4. RipVanScouter

    Den Leader Report Card

    Just for fun, I'll take this on from another perspective... What has the Pack committee and/or the other den leaders done to offer him program helps and examples of things that have been used in his den's program in the past? I've been getting help/support/suggestions (for my TC program) from Scouters other than my Pack leadership - they're not very proactive when it comes to teaching/training TDLs. So my plan over the course of this year is to document all the games, puzzles and activities that I had to dig up/discover/beg/borrow/steal or outright invent and create a Tiger Cub Den Leader "Cliff's notes" sorta thing. Do you have a "nuts and bolts" resource available for him? It could very well be that he sees his role as trying to get the boys as much advancement as fast as possible to keep "A" personality parents interested in the program. It could also be that he has(or perceives he has) low parent participation and has to 'carry' everything or maybe he's not good at delegating. Perhaps you should casually ask the parents how they feel about the program, and stress to the parents as well as the DL the 'shared leadership role'. ...just some thoughts...to be taken with a truckload of salt.
  5. RipVanScouter

    New Cubmaster

    I would agreed with all of the information provided here, I would inform your District folks (DE & DRC) of exactly the position you are in and ask for help and specific names of resources. Get contact info for your local Boy Scout troops. They have a vested interest in helping you - you are training their future Boy Scouts. Ask for Den Chiefs - useful help for your DLs and may help to ease the chaos (just by setting a good example). For "other" help such as ceremonies as well as a pool of service oriented youth among the local Boy Scout troops - try to get in contact with your district's OA lodge (if you have one), your district leaders will have that info. Ask their chapter chief or chapter advisor for help.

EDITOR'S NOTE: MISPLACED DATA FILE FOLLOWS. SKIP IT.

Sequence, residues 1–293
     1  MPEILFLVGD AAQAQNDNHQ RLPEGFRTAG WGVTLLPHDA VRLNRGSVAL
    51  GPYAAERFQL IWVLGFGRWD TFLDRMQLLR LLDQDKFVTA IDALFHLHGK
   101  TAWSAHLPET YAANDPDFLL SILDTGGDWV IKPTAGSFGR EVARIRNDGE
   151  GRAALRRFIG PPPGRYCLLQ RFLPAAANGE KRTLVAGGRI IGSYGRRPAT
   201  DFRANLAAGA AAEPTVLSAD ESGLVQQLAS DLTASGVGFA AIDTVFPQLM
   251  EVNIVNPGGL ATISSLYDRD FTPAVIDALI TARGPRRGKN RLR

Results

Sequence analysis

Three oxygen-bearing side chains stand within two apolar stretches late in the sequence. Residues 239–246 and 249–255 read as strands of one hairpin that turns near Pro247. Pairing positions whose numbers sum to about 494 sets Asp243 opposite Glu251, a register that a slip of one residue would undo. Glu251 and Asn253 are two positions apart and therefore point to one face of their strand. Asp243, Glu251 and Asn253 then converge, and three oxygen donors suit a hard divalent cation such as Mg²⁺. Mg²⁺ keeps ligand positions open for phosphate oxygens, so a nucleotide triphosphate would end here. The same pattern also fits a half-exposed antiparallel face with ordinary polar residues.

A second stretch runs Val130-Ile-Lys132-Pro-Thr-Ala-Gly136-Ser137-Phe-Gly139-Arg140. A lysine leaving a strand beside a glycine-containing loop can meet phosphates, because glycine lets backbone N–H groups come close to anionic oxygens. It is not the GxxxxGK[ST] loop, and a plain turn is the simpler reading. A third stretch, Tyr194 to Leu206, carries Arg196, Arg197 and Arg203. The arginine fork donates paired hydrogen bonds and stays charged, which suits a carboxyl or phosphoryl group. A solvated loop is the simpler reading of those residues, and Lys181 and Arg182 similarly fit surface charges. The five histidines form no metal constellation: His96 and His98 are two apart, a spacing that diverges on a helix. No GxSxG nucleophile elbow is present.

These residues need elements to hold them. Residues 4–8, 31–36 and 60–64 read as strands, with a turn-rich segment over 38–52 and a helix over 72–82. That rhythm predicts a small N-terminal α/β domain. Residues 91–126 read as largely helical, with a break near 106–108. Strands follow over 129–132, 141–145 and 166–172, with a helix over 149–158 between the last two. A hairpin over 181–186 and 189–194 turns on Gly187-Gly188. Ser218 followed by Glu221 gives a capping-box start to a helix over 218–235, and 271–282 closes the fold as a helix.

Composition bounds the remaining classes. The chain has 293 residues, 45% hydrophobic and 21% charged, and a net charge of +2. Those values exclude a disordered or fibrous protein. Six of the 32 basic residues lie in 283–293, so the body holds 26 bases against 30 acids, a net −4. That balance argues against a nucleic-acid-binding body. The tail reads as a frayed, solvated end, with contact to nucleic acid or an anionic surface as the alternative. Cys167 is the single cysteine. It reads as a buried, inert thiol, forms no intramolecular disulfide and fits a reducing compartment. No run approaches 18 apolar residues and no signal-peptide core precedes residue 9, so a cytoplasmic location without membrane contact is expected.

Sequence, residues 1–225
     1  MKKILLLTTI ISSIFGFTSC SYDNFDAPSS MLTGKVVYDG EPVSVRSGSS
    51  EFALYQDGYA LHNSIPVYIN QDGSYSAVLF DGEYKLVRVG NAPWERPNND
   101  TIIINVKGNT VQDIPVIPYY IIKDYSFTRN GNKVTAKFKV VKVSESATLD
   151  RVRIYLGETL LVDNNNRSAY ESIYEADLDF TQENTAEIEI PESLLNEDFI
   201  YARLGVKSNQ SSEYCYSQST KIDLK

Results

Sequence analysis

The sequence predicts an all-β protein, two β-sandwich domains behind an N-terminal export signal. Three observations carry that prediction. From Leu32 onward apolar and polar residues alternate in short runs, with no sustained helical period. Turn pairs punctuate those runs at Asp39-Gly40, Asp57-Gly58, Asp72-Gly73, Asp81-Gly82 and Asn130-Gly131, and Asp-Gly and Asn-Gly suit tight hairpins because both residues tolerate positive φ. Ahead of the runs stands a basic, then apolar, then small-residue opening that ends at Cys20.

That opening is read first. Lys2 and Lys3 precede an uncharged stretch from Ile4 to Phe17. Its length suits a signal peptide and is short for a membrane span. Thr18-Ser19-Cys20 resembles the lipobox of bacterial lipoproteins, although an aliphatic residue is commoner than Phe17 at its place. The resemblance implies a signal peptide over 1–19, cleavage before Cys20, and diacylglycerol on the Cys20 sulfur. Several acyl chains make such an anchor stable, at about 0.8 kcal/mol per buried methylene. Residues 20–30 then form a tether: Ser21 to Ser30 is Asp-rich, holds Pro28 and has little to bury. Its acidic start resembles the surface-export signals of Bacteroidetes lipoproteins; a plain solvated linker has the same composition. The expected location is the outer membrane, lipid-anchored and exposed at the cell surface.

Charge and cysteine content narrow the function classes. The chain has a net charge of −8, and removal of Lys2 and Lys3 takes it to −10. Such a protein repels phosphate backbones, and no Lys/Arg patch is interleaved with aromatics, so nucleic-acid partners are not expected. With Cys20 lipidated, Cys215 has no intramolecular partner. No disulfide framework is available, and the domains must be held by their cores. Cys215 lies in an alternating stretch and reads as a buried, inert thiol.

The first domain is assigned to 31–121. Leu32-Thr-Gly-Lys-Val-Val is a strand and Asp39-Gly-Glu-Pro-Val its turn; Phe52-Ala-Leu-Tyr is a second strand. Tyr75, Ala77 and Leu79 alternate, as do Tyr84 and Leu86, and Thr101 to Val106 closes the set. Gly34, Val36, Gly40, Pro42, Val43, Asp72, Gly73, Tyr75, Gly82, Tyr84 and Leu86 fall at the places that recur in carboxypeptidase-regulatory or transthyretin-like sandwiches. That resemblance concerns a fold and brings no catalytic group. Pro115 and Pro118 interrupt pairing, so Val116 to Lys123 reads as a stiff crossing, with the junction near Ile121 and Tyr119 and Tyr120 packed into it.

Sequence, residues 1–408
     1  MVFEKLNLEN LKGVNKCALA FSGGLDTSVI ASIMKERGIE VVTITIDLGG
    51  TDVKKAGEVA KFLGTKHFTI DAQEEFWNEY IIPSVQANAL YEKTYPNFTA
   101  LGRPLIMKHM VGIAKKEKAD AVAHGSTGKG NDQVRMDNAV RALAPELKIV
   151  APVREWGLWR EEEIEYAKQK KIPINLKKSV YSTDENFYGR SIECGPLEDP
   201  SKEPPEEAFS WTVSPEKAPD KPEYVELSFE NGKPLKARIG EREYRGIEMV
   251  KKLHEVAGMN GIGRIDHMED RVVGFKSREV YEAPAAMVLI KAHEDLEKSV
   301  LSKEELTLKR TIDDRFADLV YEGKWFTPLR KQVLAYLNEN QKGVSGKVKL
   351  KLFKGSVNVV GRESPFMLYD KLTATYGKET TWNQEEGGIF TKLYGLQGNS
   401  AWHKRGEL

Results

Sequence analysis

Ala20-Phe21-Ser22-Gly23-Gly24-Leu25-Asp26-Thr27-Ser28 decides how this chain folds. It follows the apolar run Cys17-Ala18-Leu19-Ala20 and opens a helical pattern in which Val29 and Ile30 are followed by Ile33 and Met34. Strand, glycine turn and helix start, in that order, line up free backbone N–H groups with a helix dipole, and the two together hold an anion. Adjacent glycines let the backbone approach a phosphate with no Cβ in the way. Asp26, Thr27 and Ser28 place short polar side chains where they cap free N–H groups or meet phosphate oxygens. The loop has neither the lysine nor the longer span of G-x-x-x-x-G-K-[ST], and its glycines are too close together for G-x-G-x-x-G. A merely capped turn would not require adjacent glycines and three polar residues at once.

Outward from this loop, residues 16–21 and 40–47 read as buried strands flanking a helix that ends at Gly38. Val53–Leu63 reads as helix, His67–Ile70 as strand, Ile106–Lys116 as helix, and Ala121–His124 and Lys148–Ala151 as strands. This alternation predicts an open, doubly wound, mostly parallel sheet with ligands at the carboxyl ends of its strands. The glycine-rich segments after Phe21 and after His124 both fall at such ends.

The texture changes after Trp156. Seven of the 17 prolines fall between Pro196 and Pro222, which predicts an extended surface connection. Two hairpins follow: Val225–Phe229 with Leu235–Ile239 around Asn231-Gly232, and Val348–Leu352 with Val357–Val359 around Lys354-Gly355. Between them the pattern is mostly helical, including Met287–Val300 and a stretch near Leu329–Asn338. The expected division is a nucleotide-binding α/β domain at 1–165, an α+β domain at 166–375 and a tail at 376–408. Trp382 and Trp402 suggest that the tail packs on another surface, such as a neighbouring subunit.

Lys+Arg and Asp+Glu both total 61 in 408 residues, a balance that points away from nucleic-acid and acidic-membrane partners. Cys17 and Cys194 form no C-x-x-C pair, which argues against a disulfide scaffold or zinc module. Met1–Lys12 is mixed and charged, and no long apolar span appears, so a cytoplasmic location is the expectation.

6. RipVanScouter

    First Merit Badge

    First Aid - we practically made it a first merit badge requirement in my troop - because we took the local first-aid-o-ree VERY seriously (one of the few things where my small troop excelled). We had an EMT and a longtime Red Cross reg. "first-aider" as MBC's. Favorite - had to be lifesaving, and only one (I earned) that required real physical challenge (self-rescue in about 50 degree water - at least it felt that way). I can still remember it 34 years later.
  7. RipVanScouter

    Den Going Rogue

    I feel your pain, Eagle92. I was starting to think I was a "wierd" case of a TCDL feeling like I was the only organized person in a sea of chaos. I'm the "rogue" because I'm the only one following the new TC den meeting plan. I agree with the other posters - take care of your den first (that's what I'm doing). Second help other DL's as you can (if they want your help - my case isn't always that way). Thirdly try to help the Pack leadership get it together. The boys always come first.
  8. RipVanScouter

    Noac as a Adult

    Ken ... LOL! I will be 49, I'm definately going, and I'm absolutely certain that I'll have flashbacks...I might even start signing "MSU Shadows" (remember that?) so you've all been warned! The icing on the cake would be visiting my Fraternity house (afterwards, of course), gotta check up on my 'other' brothers.
  9. RipVanScouter

    Tiger Cubs parent participation